Journalistic objectivity and The Daily Show with Jon Stewart
thesisposted on 23.05.2021, 11:39 by Ryan Harris Parker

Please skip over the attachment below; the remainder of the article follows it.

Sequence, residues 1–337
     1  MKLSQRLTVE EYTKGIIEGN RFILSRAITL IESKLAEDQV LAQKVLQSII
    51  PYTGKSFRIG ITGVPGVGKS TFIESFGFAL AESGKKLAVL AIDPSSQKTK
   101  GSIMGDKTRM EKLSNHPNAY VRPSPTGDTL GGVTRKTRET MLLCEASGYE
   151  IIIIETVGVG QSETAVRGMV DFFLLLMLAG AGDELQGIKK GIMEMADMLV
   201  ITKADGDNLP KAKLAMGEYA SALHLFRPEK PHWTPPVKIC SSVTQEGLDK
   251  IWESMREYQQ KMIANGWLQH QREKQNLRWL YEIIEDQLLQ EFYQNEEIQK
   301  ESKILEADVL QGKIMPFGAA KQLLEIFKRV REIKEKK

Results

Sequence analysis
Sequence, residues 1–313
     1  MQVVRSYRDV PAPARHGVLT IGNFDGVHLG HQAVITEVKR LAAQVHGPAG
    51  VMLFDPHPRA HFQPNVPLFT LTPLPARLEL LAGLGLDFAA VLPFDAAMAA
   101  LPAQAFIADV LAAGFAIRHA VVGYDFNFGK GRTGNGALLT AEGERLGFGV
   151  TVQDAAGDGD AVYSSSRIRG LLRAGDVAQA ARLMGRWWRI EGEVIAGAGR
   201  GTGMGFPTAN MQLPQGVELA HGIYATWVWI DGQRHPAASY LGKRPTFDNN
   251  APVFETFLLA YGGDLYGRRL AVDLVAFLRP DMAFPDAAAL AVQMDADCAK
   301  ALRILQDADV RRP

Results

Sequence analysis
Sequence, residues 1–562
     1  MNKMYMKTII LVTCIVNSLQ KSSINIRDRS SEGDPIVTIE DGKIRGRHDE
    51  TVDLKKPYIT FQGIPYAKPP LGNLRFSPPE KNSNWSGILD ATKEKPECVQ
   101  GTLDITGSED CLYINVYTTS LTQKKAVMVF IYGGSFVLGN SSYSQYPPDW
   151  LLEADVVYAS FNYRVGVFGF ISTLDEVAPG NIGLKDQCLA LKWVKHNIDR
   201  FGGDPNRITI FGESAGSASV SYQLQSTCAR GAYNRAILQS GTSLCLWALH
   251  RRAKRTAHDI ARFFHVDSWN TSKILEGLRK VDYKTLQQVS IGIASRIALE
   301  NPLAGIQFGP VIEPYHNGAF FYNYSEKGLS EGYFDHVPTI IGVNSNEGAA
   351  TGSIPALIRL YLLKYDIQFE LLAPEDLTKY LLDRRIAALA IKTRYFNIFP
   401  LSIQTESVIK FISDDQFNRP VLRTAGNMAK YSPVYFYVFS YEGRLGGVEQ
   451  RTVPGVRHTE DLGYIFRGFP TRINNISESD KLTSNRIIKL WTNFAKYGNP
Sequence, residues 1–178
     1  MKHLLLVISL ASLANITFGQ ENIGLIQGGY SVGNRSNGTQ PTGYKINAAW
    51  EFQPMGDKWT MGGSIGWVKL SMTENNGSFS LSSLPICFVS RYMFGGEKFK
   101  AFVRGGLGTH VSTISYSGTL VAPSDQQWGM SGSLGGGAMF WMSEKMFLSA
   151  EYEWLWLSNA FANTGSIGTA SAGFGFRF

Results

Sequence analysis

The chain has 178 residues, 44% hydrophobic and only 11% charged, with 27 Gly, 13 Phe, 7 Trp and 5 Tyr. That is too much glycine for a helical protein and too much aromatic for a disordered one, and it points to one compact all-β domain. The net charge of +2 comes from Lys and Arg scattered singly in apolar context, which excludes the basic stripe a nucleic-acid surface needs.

The press is a constitutive part of our society. It helps create national identities and formulates society's understanding of itself and its place in the world. Moreover, a free press is indispensable for ensuring the vibrancy of a democracy. For these reasons, a close inspection of news, and an evaluation of its performance, is crucial. We must look to the development of the mass press at the turn of the twentieth century to locate the beginnings of journalistic objectivity and the type of news we are familiar with today. The first section of this paper offers a review of accounts of this transformational period, placing opposing theories within the larger framework of the frictions between cultural studies and political economy, and underscores the need for a holistic understanding of the period. The second section chronicles the press's articulation of its new professional tenets, offers a definition of journalistic objectivity, and reveals its intrinsic limitations. The third section details how the modern press's ideal democratic mandate has been compromised, with the influence of the press being used instead to ensconce powerful interests. And the fourth section outlines the calls for a redefinition of journalism in light of the failures covered in the preceding section. Finally, The Daily Show with Jon Stewart is offered as an alternative journalistic form that transcends the dangerous dogma of traditional news outlets, allowing it to fulfill the democratic responsibility of the press by encouraging a critical and astute citizenry.